“Hope” is the desire to have something happen or to make something become true.
We hope to be in a meaningful relationship, sharing our lives with someone special.
We hope our children lead happy, healthy and productive lives.
We hope to get to a service station before the gas tank is dry.
Hope for Early Stage Breast Cancer Survivors
In early stage breast cancer, hope is about getting through treatment and eliminating breast cancer in the body. It’s about wanting to get through therapy without too many life disruptions, eventually putting cancer in the rear view mirror. It’s about wanting to live a cancer-free life.
There are many inspirational memes for early stage breast cancer patients, messages intended to lift spirits and ease anxiety of being a breast cancer patient. For example, “Once you choose hope, anything’s possible.” – Christopher Reeve
For those living with Metastatic Breast Cancer (MBC), the hope-centered memes turn into educational messages like this: “Metastatic Breast Cancer Can Be Treated But Not Cured.”
Is this a hopeful message?
I’ve been living with MBC since 1998. I think the message is extremely hopeful. When originally diagnosed, there were only seven therapies for MBC. Now there are over 60 with more in clinical trials.
How I’ve Redefined Hope
Hope, for me, isn’t about being cured and putting cancer behind me.
Hope is that I will live as long as I can while experiencing a reasonable quality of life.
I also hope that when I die of MBC, it won’t be a long, painful process, one that emotionally rips my family apart. I don’t want to be grasping for treatments when it’s clearly the end, treatments that ruin the quality of whatever time I have left. I don’t want my family to feel guilty that they could have done more.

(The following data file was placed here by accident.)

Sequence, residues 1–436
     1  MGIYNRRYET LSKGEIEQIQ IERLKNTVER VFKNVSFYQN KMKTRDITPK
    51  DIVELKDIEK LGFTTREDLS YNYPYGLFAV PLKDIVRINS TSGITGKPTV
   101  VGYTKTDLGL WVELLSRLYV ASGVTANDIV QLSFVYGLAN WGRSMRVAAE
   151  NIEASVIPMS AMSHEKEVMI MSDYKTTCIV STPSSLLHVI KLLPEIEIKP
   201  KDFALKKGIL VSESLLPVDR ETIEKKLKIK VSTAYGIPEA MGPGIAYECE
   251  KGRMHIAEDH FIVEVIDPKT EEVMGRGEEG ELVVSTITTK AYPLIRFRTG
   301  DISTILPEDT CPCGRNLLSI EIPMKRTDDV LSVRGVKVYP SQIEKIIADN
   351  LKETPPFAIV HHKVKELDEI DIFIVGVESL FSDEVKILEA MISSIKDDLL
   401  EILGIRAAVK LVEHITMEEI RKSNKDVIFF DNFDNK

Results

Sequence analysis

What is realistic to hope for living with MBC? Should hope even be realistic? Or is what we hope for meant to inspire us?
Dr. Leslie Blackwell explains in her TEDxCharlottsville talk about how hanging on to hope can actually shorten and reduce the quality of life for terminal cancer patients whose bodies can’t tolerate more therapy or who have no viable therapy options. Her talk is called “Living,Dying and the Problem with Hope.” She brings up excellent points about our inability as a culture to see death as the natural conclusion of living.
What Others Living with MBC Say about Hope
I asked MBC group members on FaceBook how the concept of hope has changed for them once diagnosed with stage IV breast cancer. Here is a summary of their words:
Thoughts on Longevity:
“I cling to hope even more now. I want to live as long as possible.”
“I hope to live longer even if my quality of life is low. I want be with my kids as they grow up.”
“My hope at one time was to make it to Christmas. I’m doing much better and believe I will live to see next year.”
“I include hope as an essential part of my cancer treatment.”
Thoughts about Family:
“Hope today centers around my children. I want to do all I can now to set them up for bright futures.”
“I hope my small children remember me after I die.”
“I hope my death won’t traumatize my family.”
Thoughts on Faith:
“I’ve turned to God as I have no hope in man or science.”
“Hope is like a thread, not a rope. However, my faith, rather than hope, comes from inside and gives me strength.”
Difficulty with Hope:
“I struggle with hope and give a fake smile when people advise me to ‘have hope.’”
“I try to balance hope with the reality of my situation. I used to hope I would be cured.”
“I hope research accelerates to the point that there will be treatment options for me that provide durable responses: years versus months or weeks.”
“To me, hope is research to benefit the next generation.”
Other Types of Hope:
“What I hope for changes by the day, week and month. These are short term hopes like getting a good scan report or that I’ll feel better tomorrow.”
“Hope for me is the ability to wake up every day.”
“I hope to enjoy every moment I’m alive.”
“I hope I have the courage to embrace death with acceptance when my times come.”
“Hope gives me the spark to set new goals, learn new things and appreciate life.”
“Hope is the lock that keeps fear in a box. It allows me to enjoy the time I have without living in a state of constant anxiety.”
Like most things in life, hope is complicated. We view hope differently once diagnosed with metastatic breast cancer. Please avoid sharing your version of hope with those living with MBC. If you do, don’t expect to get a big “thank you.”
Hope is personal.